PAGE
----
Eventually, all the brain’s sputterings will fade into the background and become a kind of innocuous “white noise”, but don’t set that as a goal; just let it happen when it happens. Goals are nasty traps for the meditator. Just patiently apply your effort to the task, correct your course when the attention slips (as it will frequently) and see what happens. Progress will take care of itself. The less attention you pay to “how you’re doing”, the better.

Remember that you’re breaking life-long mental habits here, and that doesn’t happen overnight. We tend to live inside our heads, the realm of thoughts, and meditation moves attention out from its closet in your skull and down into the body (at least, that’s what breath practices do; I’m not so sure about your “boat” thing).

ubersiren's avatar

@chucklmiller : Do you mean prayer to a god, or the God? ...or is there like a non-religious form of prayer that you’re referring to?

Great answers, everyone!

Acyd's avatar

I avoid beating myself up when my mind starts to babble. That is what brains do. I am not trying to be something I am not. I strive to completely accept myself. I go ahead and let the babbling occur and acknowledge it, then gently guide the mind back to emptiness each time. Refrain from worrying too much; it is normal. It is important not to judge yourself in any way,

chucklmiller's avatar

@ubersiren: personally I believe in the one God, but I understand and respect others’ beliefs. I’m sure prayer in any form will help the current condition…

fireside's avatar

I think there are great suggestions above.
Someone I spoke with on Monday said that he got a lot out of the Master Key System

ubersiren's avatar

Everybody has given great answers so far. Thanks for the book suggestion, @fireside!

Blondesjon's avatar

I turn my mental background noise into chirping crickets.

SeventhSense's avatar

Classic Zen Meditation
Find a position that is comfortable but not sloppy. The lotus is ideal if you can do it because it is a 3 point contact of the butt on cushion and two knees on floor. If this is uncomfortable one can adapt the burmese position. The body should be disciplined but not too constricting. This is also essential to avoid the legs falling asleep. This conditions the mind to start settling down as well because it must adapt to your intention. The breath is the most important aspect and when breathing it should be from the belly and the breath is a simple focus. Beginners can count the breath to get into a rhythm and then let the counting fall away and afterwards just follow the breath. The eyes should look down slightly and be somewat closed to eliminate distractions. As thought arise just notice them but don’t attach to them. The beginning will be fraught with ideas like- “this is stupid”, “I should be doing the laundry, paperwork…Just notice them like ballons or clouds in the sky of your consciousness and allow them to drift out of sight without attaching or indulging them. Eventually with persistence but not forcing the mind will settle down and take its rightful place in the equation which is resting. Be careful to not fall asleep and do for 5 then 10 or 20 minutes. Eventually you can do an entire weekend and then your mind will have new things to let go of like “I’m a really good meditator and I don’t have to do this anymore”. You’ll notice that the mind is like a watcher, and then you uncover a watcher of the watcher and it naturally unravels. Walking meditation can be interspersed with sitting meditation.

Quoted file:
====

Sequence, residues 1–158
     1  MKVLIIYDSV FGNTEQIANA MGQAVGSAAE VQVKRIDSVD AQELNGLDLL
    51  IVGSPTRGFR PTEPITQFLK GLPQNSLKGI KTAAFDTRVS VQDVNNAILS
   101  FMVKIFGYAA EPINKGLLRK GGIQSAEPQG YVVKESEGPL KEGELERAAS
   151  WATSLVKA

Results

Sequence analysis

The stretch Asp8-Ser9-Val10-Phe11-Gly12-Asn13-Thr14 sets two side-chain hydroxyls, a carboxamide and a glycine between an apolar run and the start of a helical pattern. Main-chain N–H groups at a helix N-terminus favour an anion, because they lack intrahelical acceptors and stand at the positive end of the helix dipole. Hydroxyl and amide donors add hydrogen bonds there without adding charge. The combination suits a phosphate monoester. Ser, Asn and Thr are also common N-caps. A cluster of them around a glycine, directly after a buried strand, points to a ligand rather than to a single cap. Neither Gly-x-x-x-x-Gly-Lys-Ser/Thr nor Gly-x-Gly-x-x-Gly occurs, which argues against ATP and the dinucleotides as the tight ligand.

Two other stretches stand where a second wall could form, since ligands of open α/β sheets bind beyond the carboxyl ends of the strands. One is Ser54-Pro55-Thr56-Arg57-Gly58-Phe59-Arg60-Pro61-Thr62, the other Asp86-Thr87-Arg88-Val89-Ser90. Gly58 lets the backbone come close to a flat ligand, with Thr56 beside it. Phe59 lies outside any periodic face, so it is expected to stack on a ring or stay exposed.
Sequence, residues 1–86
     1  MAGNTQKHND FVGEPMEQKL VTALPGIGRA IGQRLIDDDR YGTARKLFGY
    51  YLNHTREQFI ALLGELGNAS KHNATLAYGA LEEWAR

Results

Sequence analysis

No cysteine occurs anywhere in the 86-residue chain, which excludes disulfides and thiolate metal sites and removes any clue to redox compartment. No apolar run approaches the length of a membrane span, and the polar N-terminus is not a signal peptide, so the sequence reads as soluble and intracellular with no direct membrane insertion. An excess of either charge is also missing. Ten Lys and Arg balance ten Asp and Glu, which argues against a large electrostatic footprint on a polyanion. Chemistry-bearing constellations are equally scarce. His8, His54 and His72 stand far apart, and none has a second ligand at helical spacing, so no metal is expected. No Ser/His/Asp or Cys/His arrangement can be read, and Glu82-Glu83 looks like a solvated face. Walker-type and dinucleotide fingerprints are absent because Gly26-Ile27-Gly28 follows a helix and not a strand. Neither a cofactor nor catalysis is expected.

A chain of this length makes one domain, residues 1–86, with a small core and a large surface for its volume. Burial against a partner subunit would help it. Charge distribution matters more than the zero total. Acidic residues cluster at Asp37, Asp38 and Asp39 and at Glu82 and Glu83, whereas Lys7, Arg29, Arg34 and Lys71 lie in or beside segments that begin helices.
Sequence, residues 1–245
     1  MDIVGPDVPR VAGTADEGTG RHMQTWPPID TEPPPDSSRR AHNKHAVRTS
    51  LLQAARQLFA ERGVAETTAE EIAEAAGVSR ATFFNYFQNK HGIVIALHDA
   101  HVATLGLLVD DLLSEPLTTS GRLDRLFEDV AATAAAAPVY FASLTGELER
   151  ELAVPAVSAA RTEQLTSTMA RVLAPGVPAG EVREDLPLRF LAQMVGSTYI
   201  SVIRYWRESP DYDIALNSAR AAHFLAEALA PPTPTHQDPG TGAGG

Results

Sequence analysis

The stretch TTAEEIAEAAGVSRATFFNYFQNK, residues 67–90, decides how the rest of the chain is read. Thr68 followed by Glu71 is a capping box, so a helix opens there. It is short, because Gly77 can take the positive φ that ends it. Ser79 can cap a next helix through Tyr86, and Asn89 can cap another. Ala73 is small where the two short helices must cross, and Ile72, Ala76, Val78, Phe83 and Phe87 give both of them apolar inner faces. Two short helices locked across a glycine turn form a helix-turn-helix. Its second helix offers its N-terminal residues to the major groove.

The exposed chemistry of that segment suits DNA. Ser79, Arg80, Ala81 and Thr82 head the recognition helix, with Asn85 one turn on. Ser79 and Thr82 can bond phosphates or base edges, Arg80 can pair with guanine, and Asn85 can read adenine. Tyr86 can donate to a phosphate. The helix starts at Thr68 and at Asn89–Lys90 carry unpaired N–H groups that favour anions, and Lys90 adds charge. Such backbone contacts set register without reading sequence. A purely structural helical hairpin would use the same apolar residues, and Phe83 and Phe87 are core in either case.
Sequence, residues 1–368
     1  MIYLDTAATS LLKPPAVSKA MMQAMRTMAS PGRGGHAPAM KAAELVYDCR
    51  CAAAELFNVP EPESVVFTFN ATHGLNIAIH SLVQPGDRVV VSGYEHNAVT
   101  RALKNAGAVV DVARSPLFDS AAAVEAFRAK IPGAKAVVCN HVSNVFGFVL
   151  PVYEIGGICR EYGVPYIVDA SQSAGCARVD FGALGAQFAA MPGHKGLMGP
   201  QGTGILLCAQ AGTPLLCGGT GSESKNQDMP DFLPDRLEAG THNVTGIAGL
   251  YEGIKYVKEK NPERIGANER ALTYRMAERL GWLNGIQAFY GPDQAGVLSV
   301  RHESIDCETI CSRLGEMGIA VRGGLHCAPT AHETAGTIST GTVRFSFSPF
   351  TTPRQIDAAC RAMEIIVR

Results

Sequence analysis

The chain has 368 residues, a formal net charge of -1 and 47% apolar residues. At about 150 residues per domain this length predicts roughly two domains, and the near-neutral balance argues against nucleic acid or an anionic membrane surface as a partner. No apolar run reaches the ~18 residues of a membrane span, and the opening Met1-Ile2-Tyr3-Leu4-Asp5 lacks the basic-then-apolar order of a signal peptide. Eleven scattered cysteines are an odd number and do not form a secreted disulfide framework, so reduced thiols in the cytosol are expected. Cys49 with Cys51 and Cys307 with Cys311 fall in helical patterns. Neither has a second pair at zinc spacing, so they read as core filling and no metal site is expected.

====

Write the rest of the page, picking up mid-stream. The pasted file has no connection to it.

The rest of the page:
the vital thing about meditation is that it settles the mind. We rest the body but the mind is active 24 hours a day until we can effectively meditate.
Eventually you can find a place to sit with others which just makes it easier to practice with a competent teacher.

Response moderated (Unhelpful)

Answer this question




to answer.

This question is in the General Section. Responses must be helpful and on-topic.

Your answer will be saved while you login or join.

Have a question? Ask Fluther!

What do you know more about?
Knowledge Networking @ Fluther